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Brian Michael Bendis says Event Leviathan is a whodunit that will change the DCU

By Mike Avila

Fans who pick up DC Comics’ Year of The Villain #1, freshly released at your friendly neighborhood comics shop, are getting themselves an early 70s-style bargain with the comic sporting a 25 cent cover price. The issue also features an eight-page preview that is the first piece of the puzzle that is Event Leviathan, a mystery Brian Bendis says will have massive, far-reaching repercussions for the DC Universe and in particular, all its various spy agencies. From A.R.G.U.S. to Checkmate and Spyral, this ‘Crisis Of Infinite Organizations’ is going to permanently alter the landscape.

(You can check out the entire 8-page preview at the bottom of the page!)

According to Bendis, Event Leviathan hews closer to an Agatha Christie novel populated by caped heroes than it does to earlier DC event series such as Blackest Night or Final Crisis. “It’s a whodunit, it’s a thriller,” he said during an invitation-only press event at the DC Comics offices in Burbank which SYFY WIRE attended. “The reason I bring that up is that so many event mini-series…have a disaster movie structure, and I’ve done that. I’m responsible for some of that. In this one, we said, let’s get a little more like Batman. Let’s get a little more detective. Detectives show up after something happens and try to figure it out.”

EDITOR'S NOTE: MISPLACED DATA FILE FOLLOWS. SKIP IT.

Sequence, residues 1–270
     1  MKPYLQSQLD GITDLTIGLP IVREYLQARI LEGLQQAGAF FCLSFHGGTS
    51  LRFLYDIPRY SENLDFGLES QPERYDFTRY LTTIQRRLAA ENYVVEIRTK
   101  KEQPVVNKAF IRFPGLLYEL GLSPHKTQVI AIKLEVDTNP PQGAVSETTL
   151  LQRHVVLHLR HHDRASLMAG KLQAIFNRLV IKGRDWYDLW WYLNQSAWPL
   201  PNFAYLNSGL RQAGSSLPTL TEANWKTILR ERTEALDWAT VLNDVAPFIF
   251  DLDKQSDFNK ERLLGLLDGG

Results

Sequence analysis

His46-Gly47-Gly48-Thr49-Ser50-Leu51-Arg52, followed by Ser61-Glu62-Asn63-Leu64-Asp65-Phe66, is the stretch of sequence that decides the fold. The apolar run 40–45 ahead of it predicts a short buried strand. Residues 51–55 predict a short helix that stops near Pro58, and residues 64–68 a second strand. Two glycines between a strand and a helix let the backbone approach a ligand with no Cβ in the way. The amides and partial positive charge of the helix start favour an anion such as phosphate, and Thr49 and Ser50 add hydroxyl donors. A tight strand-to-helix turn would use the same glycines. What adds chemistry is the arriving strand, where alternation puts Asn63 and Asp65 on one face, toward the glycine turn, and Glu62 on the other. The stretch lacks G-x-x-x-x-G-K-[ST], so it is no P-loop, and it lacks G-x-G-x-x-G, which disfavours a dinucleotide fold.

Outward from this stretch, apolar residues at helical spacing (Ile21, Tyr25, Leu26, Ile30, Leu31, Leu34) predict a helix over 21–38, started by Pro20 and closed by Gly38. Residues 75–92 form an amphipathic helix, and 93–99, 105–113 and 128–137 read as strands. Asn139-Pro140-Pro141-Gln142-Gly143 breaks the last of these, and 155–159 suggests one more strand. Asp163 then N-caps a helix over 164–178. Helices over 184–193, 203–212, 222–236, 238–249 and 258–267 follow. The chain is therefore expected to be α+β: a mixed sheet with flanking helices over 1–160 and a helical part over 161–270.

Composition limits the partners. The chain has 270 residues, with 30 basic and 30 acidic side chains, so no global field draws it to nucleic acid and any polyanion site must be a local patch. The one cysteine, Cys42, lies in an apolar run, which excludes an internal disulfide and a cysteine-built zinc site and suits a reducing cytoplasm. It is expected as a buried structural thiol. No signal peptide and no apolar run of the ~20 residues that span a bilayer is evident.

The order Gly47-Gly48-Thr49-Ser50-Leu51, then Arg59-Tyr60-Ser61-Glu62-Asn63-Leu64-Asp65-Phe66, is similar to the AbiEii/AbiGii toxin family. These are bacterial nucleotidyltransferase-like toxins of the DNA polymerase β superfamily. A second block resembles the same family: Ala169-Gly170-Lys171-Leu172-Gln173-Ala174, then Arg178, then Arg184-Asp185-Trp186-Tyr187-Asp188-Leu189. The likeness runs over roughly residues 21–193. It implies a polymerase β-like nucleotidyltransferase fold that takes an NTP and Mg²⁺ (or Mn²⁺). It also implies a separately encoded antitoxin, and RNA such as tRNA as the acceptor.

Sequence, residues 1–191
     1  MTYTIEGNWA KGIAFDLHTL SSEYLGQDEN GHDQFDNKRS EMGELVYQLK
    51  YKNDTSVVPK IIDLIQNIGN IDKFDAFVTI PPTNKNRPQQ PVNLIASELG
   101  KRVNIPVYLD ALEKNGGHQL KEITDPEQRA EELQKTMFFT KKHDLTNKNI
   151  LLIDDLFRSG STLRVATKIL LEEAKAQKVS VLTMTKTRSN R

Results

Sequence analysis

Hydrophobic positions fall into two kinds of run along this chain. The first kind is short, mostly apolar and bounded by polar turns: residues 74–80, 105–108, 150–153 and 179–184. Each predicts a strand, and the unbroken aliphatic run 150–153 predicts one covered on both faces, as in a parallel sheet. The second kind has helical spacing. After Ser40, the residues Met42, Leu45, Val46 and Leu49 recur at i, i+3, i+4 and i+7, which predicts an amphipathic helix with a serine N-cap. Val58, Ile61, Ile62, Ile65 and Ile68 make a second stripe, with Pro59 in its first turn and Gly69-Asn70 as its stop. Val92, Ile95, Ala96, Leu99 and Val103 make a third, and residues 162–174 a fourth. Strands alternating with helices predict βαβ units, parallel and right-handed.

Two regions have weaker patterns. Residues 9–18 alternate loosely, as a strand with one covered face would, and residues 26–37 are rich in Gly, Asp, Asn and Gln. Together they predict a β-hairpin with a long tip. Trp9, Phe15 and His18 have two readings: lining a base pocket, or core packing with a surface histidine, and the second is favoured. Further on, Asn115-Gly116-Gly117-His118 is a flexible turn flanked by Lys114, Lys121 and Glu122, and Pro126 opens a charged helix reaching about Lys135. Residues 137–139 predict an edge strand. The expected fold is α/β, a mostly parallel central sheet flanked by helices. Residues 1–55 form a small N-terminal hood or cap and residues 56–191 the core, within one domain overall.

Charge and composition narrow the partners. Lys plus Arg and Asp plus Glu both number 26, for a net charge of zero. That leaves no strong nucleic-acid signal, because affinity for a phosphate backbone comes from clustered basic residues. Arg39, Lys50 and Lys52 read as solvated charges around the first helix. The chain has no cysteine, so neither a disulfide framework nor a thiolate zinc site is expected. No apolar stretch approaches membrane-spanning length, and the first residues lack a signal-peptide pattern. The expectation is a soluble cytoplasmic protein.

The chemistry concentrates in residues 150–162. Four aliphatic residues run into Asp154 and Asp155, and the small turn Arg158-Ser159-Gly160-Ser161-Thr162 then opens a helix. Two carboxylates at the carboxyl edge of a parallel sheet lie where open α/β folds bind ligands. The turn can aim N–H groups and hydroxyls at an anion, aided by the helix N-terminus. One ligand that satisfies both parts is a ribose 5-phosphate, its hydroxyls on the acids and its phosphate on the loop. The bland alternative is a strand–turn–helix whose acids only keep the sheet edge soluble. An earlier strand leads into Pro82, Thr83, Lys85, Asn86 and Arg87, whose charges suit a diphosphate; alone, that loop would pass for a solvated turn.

Event Leviathan is a six-issue limited series debuting June 12. Scripted by Bendis and illustrated by his longtime friend and collaborator Alex Maleev, it surrounds the new character Leviathan. In the prelude we see in Year of the Villain #1, Leviathan offers Batgirl a better way to save the day. When the mystery person tells her, “Look around. It doesn’t work,” Barbara doesn’t answer. While the heroes try to solve the mystery before the sun comes up,  the role of heroism is called into question. “He’s not selling villainy, and he’s not selling antagonism," Bendis says. "There’s heroes and there’s villains, and there’s this other thing right now. And that’s going to mess with a lot of people’s heads."

Bendis teased that literally the entire DCU is a suspect, and then assured that by the end of the six-issue limited series, we will discover Leviathan's true identity. Some of the DCU’s best sleuths — Batman, Green Arrow, The Question, Plastic Man and Lois Lane — come together to solve the mystery. “I kind of had an open book on who I could use for this, and I couldn’t think of anyone more important than [Lois],” Bendis says. “You know, there’s people who always try to get to Superman by kidnapping Lois. That never works. Not one time! You know why? Because she’s the most dangerous woman in the world. Not because she’s married to Superman, but because of …who her father is, and because she has autonomous publishing power, like some of the New York Times reporters. That’s a very dangerous woman.”

The initial idea for the story spun out of a conversation Bendis had with DC Comics publisher Dan DiDio shortly after making the jump from Marvel. “My very first meeting with Dan here in Burbank … we were talking about the stories we could tell and what characters [we could use],” recalls Bendis. “And Dan says, ‘you know, we have a lot of redundant organizations in the DC Universe. I feel like there’s a good story where it all gets cleaned up.’ And I said, ‘I’m on it!’”

The Eisner-winning writer also wanted to give Maleev a story that was an ideal fit for his digital painting skills. “I knew this would be Alex Maleev’s return to DC and he really wanted to draw Batman. As much as he wanted to draw Daredevil and all the other stuff we’ve done [in the past], he was waiting around for Batman,” Bendis says. “I …structured the story around his strengths and his shadows.”